Five Broken Cameras uses the very danger of its filming as its structure. The director and cameraman is Emad Burnat, a Palestinian farmer in a small village of energetic, resilient people. He first bought a video camera shortly after the birth of Gibreel, his youngest child, a pleased father wanting to grab memories for proud parents hold dear. It’s around this time Israeli developers began moving in, slowly but surely taking over more and more Palestinian territory. The village of farmers is finding land, livelihoods, subsumed by an ever-closer wall, by concrete buildings that appear seemingly overnight. There are peaceful protests beaten back violently by patrols from the Israeli armed forces. There are negotiations, legal challenges, and unease in the streets. Burnat is there to capture it all with his camera, even finding himself in the line of fire. One harrowing image finds a bullet shot straight into the camera and, with a scary-soft pop, the consumer-grade digital image buzzing away into terrifying computerized noise.
Burnat, with co-director Guy Davidi, follows the conflict as a backdrop for the child’s growth. We are watching home videos that add up to a portrait of a family, which in turn reflects the values of this close-knit village, which in turn reveals larger truths about the vast majority of Palestinian people. Rather than foregrounding political points, Burnat has a made a deeply humanistic, in some ways apolitical, film, arguing at its core for basic human rights, human decency, and the right to be heard. His narration, soft-spoken and melodious, takes us through everyday life, watching an adorable little boy explore the world around him. He toddles through the village with happiness, crossing through the checkpoints at the wall unaware of the menacing nature of it all, kicking at an exploded husk of a smoke bomb as if it were just another piece of nature resting in the soil.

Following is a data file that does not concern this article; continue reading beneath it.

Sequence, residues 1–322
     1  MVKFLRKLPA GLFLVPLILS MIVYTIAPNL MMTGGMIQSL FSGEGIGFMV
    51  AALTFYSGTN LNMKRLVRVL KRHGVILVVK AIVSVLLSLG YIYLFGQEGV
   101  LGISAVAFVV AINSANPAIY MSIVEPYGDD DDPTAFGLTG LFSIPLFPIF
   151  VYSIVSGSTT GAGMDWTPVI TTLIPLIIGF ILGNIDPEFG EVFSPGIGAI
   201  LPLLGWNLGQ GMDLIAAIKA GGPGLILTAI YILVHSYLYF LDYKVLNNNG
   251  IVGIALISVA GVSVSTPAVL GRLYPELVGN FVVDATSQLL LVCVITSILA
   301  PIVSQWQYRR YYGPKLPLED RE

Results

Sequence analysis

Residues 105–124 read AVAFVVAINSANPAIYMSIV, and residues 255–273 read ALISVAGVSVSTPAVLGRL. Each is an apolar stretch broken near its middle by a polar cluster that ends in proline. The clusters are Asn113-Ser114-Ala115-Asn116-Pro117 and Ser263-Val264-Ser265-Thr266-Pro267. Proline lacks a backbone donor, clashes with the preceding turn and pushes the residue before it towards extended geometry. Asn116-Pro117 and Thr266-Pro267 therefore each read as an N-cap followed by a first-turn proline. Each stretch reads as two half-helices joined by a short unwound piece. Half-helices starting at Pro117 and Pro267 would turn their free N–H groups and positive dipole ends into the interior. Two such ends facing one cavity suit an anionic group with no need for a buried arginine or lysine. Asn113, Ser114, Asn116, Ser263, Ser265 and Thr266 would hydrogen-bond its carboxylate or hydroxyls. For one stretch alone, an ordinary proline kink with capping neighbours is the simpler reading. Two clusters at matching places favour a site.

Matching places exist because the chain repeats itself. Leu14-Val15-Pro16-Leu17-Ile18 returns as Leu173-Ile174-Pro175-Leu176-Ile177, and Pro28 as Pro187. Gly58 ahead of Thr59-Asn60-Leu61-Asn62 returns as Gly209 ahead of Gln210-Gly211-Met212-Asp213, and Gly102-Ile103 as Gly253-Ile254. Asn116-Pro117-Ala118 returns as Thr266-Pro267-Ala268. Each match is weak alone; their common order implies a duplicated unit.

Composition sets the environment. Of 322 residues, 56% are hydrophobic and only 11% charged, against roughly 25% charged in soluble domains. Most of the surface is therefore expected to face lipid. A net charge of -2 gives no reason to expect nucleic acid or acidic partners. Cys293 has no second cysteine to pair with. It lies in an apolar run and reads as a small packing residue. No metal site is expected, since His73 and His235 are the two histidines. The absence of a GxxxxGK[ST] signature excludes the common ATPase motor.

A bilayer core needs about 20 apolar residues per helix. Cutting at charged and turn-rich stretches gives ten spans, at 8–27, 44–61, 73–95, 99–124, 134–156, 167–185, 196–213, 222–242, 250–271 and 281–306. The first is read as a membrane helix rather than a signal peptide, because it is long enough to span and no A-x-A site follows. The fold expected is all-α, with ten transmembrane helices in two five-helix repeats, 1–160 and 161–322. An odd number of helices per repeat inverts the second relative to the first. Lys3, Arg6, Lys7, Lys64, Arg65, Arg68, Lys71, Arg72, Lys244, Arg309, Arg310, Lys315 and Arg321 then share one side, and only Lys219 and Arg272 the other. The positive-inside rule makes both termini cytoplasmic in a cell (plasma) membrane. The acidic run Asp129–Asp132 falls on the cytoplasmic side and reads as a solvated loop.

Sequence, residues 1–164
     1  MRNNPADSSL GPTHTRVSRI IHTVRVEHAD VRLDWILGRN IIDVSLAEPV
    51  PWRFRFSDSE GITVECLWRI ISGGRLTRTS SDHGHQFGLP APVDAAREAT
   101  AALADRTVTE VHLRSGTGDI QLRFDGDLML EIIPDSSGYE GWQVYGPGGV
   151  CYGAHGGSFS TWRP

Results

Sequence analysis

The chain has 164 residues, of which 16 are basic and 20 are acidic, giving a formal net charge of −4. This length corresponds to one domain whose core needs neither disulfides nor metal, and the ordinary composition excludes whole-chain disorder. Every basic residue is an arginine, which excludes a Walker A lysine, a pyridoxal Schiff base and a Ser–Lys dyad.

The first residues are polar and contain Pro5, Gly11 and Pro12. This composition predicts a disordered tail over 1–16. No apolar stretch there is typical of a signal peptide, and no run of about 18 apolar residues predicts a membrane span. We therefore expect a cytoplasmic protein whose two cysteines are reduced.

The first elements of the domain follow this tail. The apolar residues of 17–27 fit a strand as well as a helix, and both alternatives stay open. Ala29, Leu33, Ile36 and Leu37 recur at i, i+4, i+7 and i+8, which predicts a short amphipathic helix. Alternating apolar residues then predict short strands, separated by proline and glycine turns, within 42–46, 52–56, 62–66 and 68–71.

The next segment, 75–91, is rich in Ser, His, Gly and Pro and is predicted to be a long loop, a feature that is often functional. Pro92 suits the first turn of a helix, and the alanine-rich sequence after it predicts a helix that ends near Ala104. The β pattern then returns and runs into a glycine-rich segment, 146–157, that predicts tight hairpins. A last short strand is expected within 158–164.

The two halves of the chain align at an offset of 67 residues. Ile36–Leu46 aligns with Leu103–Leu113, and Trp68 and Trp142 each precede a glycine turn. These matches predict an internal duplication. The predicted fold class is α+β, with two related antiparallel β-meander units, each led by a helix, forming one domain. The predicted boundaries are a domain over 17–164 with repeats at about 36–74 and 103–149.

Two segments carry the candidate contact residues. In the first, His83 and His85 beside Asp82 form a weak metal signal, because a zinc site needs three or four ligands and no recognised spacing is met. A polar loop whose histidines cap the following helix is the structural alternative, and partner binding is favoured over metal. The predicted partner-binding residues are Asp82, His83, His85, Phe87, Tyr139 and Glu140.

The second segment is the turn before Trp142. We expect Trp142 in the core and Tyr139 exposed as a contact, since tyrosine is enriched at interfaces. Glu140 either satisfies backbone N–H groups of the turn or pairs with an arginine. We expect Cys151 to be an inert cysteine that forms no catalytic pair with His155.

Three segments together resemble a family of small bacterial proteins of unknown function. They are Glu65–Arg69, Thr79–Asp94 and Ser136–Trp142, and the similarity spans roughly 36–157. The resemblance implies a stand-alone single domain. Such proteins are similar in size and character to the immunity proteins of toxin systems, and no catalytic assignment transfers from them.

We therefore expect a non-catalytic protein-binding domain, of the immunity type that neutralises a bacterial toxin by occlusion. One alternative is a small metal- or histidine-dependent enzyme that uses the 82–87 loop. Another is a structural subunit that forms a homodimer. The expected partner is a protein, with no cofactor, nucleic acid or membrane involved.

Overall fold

Repeatedly, we return with Burnat to a shot of his five broken cameras, smashed, scrapped, shot, stomped, and shattered, placed in a row on his table, a physical record of the film’s making. The passing of time while watching the film can be measured not only by the age of Burnat’s children, but by the number of cameras we’ve seen destroyed, by the steady improvement in the tangible pictorial qualities of each new camera. It’s a perfect visual metaphor not only for the hazards of the film’s creation, but also for what the film represents: increased clarity through great danger. We see protests and violence from the Middle East in the media of the United States, but rarely are we afforded the chance to see it so personally, to comprehend it at a visceral ground level, to understand the overwhelming cycle of pain and perseverance from a first-person point-of-view. When Gibreel is only four years old, Israeli forces senselessly kill a beloved member of the village while he is peacefully protesting. This sweet little boy is heartbroken, his brow furrowing as he wishes harm upon the soldiers. He’s comforted, helped through his emotions, but the power of the pain, and the truth it reveals, lingers throughout this uniquely powerful film.